Gale force winds. Slanted rain. Flooding expected. The door is closed. The coffee shop full. The hiss from the coffee machine competes with voices and the clang of cutlery on plates and saucers. The noise assails my nose so that I can’t smell anything. I mean the noise assails my ears but I still can’t smell. Maybe it is too cold. The weather. My nose.
At the table next to me women are talking about manicures and the colour of nail polish. I want to overhear other conversations. Bloody gossip. News about books or films. The answer to climate change and plastic pollution. A plot to assassinate the president.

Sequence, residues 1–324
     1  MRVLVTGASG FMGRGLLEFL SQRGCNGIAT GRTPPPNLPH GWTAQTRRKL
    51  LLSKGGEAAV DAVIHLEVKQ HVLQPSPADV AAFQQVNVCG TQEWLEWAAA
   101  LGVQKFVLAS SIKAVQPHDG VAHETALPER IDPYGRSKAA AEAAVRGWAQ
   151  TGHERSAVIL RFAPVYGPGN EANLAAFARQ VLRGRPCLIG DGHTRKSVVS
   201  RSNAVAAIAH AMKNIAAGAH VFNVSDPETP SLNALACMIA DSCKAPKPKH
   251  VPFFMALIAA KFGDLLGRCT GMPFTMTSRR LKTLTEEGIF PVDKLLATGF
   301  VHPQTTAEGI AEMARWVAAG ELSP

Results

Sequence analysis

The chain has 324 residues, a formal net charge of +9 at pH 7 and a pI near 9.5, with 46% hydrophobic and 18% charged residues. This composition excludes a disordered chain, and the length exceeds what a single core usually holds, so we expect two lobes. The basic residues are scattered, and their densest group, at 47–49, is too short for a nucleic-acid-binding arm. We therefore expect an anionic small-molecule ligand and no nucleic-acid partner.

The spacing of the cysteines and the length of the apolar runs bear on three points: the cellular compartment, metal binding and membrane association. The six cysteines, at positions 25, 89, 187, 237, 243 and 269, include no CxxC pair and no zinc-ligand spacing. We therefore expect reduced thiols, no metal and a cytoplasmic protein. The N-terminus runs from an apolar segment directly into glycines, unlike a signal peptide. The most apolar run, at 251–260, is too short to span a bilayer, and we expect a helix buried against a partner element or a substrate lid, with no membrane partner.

The door opens. A cold wind assaults my knees. A baby arrives wrapped up in a carry-cot. It looks like an overstuffed picnic basket.
On the bench next to me a child bounces and kicks. The mother is so absorbed in her phone that she doesn’t notice. I am so irritated I want to leave but I don’t.
Close to 10am the coffee shop clears, and the waiters prepare the tables for a lunchtime crowd. Now I can smell the earth-roast of the coffee, the yeasty baked bread and a strange sharp smell of mustard.
At the end of the morning when I have drunk my coffee and eaten my eggs, I will have written (it seems like a miracle) one thousand five hundred words.
(Image by The Creative Exchange on Unsplash)